|By (author):||Dunbar-Ortiz, Roxanne|
|By (author):||Gilio-Whitaker, Dina|
|Subject:||HISTORY / General|
|HISTORY / Native American|
|SOCIAL SCIENCE / Ethnic Studies / Native American Studies|
|SOCIAL SCIENCE / Indigenous Studies|
|Size:||8.50in x 5.50in x 0.64in|
|From The Publisher*||Unpacks the twenty-one most common myths and misconceptions about Native Americans|
In this enlightening book, scholars and activists Roxanne Dunbar-Ortiz and Dina Gilio-Whitaker tackle a wide range of myths about Native American culture and history that have misinformed generations. Tracing how these ideas evolved, and drawing from history, the authors disrupt long-held and enduring myths such as:
"Columbus Discovered America"
"Thanksgiving Proves the Indians Welcomed Pilgrims"
"Indians Were Savage and Warlike"
"Europeans Brought Civilization to Backward Indians"
"The United States Did Not Have a Policy of Genocide"
"Sports Mascots Honor Native Americans"
"Most Indians Are on Government Welfare"
"Indian Casinos Make Them All Rich"
"Indians Are Naturally Predisposed to Alcohol"
Each chapter deftly shows how these myths are rooted in the fears and prejudice of European settlers and in the larger political agendas of a settler state aimed at acquiring Indigenous land and tied to narratives of erasure and disappearance. Accessibly written and revelatory, "All the Real Indians Died Off" challenges readers to rethink what they have been taught about Native Americans and history.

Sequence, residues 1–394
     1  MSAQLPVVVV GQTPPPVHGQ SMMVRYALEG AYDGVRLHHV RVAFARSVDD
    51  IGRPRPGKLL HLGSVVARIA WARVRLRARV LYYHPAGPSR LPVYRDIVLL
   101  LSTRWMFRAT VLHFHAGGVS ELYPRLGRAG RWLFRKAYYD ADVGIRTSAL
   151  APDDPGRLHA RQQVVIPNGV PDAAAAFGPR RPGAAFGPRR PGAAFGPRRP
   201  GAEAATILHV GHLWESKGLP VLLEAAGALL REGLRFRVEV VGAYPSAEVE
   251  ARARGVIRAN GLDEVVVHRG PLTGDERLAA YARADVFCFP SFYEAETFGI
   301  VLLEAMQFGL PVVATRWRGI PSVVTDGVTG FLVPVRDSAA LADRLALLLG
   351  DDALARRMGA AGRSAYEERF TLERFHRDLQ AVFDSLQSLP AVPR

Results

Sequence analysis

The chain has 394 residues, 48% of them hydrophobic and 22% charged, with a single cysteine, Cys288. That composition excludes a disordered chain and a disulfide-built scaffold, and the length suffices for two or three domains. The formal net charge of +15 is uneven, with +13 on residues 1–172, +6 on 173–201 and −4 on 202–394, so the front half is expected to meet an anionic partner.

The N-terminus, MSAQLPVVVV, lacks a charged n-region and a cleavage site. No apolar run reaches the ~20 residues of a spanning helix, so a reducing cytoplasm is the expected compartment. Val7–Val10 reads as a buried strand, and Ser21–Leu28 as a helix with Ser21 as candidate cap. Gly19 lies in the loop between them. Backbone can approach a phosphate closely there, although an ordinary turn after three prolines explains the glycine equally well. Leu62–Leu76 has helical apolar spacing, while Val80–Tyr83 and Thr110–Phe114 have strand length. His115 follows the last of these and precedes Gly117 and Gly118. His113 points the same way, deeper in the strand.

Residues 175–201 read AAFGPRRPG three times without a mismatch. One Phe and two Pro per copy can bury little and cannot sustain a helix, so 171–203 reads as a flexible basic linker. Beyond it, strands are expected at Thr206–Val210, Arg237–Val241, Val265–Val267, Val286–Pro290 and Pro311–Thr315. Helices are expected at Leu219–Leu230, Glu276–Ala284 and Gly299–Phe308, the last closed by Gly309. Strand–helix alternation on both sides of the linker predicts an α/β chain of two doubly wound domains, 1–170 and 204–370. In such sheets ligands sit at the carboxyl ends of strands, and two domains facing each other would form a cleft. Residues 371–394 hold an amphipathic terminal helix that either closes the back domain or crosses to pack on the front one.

|Review Quote*||"Dunbar-Ortiz and Gilio-Whitaker admirably aim to explode popular, damaging, and inherently limiting myths about Native Americans, continuing the work begun in Dunbar-Ortiz's well-received An Indigenous Peoples' History of the United States."|
"‘All the Real Indians Died Off' And 20 Other Myths about Native Americans offers a much-needed and excellent introduction to American Indian history and contemporary life for a broad audience."
-Against the Current
"I have been looking for a text for our Intro to Native American Studies course that touches on the themes of history, genocide, cultural appropriation, and legal relationship between the United States and indigenous people that would be comprehensible by freshmen. I have finally found it...I cannot wait to teach it."
-Kerri J. Malloy, lecturer in the Department of Native American Studies at Humboldt State University
|Biographical Note||Roxanne Dunbar-Ortiz grew up in rural Oklahoma, the daughter of a tenant farmer and part-Indian mother, and has been active in the international Indigenous movement for more than four decades. She is the author or editor of eight other books, including An Indigenous Peoples' History of the United States, which was a recipient of the 2015 American Book Award. Dunbar-Ortiz lives in San Francisco.|
Dina Gilio-Whitaker (Colville Confederated Tribes) is an award-winning journalist and columnist at Indian Country Today Media Network. A writer and researcher in Indigenous studies, she is currently a research associate and associate scholar at the Center for World Indigenous Studies. She lives in San Clemente, CA.